From Marcy ski to shining sea

Jeff Murray, of Saranac Lake, smiles at the summit of Mount Marcy during his summit-to-sea adventure. (Photo provided)

SARANAC LAKE — Many people hike the state’s highest mountain each year. But one local guide recently went from the roof of New York to its lowest point in one day, just to see if he could.

Jeff Murray, who lives in Saranac Lake and works as a licensed guide, recently skied up Mount Marcy, then hopped in his plane in Lake Placid and flew from there to the end of Long Island, dipping his toe in the Atlantic Ocean just as the sun went down. And although it’s a roughly 15-mile round trip up Marcy, Murray said the most difficult part of the trip came at the very end.

“After we landed, and we landed right at sunset, the Montauk (Long Island) airport is 400 yards from the ocean,” Murray said. “But you have to crawl through these shag trees there and they’re stunted trees that make it almost impossible to crawl through. I wanted to get a picture of the sunset and touch the ocean before it got dark so I parked the plane and crawled through these shag trees.

“And then you have to go up a dune and it was maybe 200 feet, and on the other side of the dune was a sandy cliff so I had to slide down there. That was the hardest part of the whole thing.

“The funny thing is, I had left my little pack with my flashlight and everything in the plane,” he continued. “On the way back, it was getting dark and I didn’t have a flashlight and my phone was dying so I didn’t want to use that. So that was the hardest thing of the whole trip.”

The sun sets at the tip of Long Island, the end of a summit-to-sea trip completed by Jeff Murray, of Saranac Lake. (Provided photo — Jeff Murray)

Murray completed the trip in just about 12 hours, but doesn’t include the time it took him to get to the top of Mount Marcy.

“It’s summit to sea, so I’m not counting the five hours it took me to get up there,” Murray laughed. “I like to try to do something new every week, and this was just something I thought about like the week before. It might be as simple as hiking a different trail or paddling a different pond or eating somewhere different.

“You’ve got to keep life interesting.”

Murray, who is a also a licensed pilot, said in the winter he spends most of his time skiing and flying. While he has many other hobbies, the summit-to-sea trip combined two of his favorites.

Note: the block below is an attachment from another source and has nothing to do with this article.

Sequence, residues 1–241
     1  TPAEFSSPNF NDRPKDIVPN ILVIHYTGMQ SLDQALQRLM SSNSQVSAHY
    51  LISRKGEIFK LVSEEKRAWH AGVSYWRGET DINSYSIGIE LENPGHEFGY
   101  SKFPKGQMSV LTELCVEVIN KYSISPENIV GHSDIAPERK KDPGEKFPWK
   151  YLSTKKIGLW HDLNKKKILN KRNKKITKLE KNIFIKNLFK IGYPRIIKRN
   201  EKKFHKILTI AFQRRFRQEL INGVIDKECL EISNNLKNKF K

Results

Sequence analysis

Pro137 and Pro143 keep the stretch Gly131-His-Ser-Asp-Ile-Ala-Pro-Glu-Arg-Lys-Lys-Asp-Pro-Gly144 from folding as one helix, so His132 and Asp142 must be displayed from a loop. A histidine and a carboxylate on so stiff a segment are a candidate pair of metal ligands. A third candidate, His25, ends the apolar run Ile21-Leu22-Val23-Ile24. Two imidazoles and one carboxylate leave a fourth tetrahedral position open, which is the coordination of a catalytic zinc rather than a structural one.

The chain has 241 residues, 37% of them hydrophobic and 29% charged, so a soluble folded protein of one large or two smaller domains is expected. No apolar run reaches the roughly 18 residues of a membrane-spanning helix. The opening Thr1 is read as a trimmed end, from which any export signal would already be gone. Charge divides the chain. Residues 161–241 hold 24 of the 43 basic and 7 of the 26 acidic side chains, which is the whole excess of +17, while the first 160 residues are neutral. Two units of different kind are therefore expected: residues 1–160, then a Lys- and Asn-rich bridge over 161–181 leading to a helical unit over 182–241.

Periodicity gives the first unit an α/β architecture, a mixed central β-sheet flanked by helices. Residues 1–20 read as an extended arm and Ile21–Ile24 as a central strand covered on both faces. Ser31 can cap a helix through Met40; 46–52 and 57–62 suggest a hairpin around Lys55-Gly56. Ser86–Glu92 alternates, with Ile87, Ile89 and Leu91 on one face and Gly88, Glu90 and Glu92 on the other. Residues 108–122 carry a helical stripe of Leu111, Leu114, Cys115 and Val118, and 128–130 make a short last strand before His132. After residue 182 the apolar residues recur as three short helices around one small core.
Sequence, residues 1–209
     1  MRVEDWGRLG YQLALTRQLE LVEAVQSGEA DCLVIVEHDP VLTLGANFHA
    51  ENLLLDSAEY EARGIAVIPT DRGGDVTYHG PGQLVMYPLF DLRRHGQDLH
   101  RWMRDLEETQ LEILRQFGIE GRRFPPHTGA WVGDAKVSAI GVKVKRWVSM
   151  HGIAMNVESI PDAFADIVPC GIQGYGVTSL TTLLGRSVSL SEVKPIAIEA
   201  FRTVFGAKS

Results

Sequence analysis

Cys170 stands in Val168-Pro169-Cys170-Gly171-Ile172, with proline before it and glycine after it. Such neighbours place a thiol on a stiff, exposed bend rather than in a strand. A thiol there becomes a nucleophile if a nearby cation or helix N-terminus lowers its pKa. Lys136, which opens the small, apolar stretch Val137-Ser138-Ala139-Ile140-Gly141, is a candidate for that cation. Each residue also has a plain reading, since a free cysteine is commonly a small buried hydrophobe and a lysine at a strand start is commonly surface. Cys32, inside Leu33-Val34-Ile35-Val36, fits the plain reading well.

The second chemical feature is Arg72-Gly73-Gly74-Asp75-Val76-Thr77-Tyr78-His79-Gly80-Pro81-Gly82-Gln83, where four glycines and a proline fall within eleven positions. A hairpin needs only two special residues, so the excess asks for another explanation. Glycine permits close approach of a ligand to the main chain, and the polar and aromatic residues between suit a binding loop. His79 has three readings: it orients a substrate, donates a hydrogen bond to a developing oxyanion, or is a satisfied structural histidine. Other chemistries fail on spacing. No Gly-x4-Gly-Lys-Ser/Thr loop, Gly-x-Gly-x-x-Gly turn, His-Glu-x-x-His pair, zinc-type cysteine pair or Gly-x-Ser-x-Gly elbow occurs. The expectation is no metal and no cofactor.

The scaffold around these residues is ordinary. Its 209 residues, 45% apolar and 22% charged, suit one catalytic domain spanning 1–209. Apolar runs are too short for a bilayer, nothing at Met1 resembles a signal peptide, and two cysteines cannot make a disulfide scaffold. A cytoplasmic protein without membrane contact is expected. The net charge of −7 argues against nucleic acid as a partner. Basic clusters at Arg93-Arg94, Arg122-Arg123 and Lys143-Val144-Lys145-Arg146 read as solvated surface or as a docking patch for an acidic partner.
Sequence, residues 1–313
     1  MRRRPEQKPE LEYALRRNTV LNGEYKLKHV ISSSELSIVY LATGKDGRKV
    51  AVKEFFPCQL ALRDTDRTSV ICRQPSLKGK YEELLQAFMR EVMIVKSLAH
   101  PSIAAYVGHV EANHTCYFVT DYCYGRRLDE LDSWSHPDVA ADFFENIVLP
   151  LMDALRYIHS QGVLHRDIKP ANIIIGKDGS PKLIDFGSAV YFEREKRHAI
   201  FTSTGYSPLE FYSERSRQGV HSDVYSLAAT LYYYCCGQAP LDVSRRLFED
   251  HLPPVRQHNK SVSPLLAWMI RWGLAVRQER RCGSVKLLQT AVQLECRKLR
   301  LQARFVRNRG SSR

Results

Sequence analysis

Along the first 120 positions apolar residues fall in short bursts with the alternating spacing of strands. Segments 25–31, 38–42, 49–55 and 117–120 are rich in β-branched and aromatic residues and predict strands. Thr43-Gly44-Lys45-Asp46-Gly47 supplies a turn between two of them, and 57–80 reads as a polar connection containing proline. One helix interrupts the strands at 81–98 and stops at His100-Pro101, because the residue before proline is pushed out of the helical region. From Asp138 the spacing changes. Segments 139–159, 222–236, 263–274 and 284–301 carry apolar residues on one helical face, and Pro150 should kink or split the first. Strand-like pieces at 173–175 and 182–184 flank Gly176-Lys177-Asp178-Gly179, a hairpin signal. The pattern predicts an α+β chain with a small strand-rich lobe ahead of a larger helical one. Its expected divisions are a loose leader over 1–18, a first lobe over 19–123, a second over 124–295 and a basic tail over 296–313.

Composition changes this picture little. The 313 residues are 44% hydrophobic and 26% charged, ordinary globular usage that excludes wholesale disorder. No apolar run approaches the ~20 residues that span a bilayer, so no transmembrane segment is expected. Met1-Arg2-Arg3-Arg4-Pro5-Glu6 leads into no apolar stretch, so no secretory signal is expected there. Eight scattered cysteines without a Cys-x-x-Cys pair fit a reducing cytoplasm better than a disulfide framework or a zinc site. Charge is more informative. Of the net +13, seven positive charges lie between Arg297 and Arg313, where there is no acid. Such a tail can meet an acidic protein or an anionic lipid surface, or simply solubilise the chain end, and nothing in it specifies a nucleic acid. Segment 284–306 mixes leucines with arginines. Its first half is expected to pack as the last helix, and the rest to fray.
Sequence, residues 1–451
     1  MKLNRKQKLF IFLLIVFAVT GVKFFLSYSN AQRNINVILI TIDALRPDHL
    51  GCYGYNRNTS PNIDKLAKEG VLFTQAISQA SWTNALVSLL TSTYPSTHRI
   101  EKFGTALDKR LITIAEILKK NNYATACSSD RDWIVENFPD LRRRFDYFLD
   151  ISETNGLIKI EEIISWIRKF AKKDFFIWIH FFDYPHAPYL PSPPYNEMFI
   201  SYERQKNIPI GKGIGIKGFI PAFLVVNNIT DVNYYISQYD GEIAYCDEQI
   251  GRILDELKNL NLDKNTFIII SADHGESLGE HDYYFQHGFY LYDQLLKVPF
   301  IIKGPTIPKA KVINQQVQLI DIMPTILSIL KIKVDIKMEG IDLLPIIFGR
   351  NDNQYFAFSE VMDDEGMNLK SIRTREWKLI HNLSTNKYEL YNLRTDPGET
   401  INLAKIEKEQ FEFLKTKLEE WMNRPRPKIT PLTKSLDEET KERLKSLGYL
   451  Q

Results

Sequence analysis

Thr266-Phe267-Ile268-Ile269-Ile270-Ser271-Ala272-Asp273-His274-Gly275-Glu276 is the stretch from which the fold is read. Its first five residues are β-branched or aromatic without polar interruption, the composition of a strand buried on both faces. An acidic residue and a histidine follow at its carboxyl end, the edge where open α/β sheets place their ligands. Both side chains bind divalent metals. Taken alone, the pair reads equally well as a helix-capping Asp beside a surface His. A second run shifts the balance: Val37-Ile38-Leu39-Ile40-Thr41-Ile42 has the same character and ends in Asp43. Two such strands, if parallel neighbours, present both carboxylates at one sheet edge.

He said skiing in the High Peaks wasn’t great on a bluebird day in March, but the hard pack conditions made for a fast trip down.

“I only go up it (Marcy) if I’m either getting paid, or I can ski down it,” he said. “It wasn’t the best skiing day. The weather was great, but the conditions were icy and hard pack. It wasn’t enjoyable skiing until you got on the main trail, then it was fine.

“I wouldn’t have gone up it to ski down other than this little thing I was doing. Whiteface was a better day.”

Murray, who owns an experimental Glastar plane built by a former Boeing engineer, said the flight from Lake Placid to Long Island went off without a hitch. He was aided by his friend Dave Kellerman, who was tasked with keeping Murray awake on the flight.

“We had a nice tailwind on the way down, so I was doing at times like 150 knots — so that was like 170-plus miles an hour,” Murray explained. “So we flew to Ticonderoga because they have inexpensive gas and that was less than half an hour.

“The flight from there was only an hour or so.”

Murray said from Ticonderoga to Montauk is only about 250 nautical miles, and their flight path took them over Vermont, Massachusetts and Connecticut. He said flying over Long Island Sound during sunset was “beautiful.”

Murray said the trip up Mount Marcy took a little longer than he anticipated because he ran into some other hikers who he stopped and chatted with.

“The actual real plan was to do the trip, and then fly back for two-fers at the pub (the Lake Placid Pub and Brewery),” he laughed. “But by the time we would have taken off (from Long Island), it would have been 8 o’clock and we just decided to stay down there. And that worked out really good, because we got to stay at a big, historic hotel for 99 bucks, and it was really nice.”

Although Murray said the flight was as good as a pilot could hope for, the fast skiing conditions on his descent in the High Peaks may have been his favorite part of the whole trip.

“I think my favorite moment was coming down from Marcy,” he said. “It was fast, and I was doing like little, quick turns and it was just fun. I was really moving, and nobody was coming up the trail, which was great.”

Murray said he couldn’t have done the trip without the help of Kellerman, Murray’s wife Sally, Adirondack Mountain Club staff at the Adirondack Loj, the guys at Adirondack Flying Service and Adirondac Rafting Company’s Bob Rafferty, who “gave me a clean shirt and hat to wear to Long Island.”

“I’m going to add another favorite moment,” he said. “We got the hotel because the price was right, but they also had a hot tub. The hot tub was closed so we sweet-talked the lady behind the counter to let us get into the hot tub, but technically they had to have somebody there. So there was this guy that barely spoke English that came down to watch us, and he was from Venezuela, so we talked politics while I was in the hot tub.

“He’d get so excited I could barely understand him, but he was kind of like our lifeguard,” Murray laughed.

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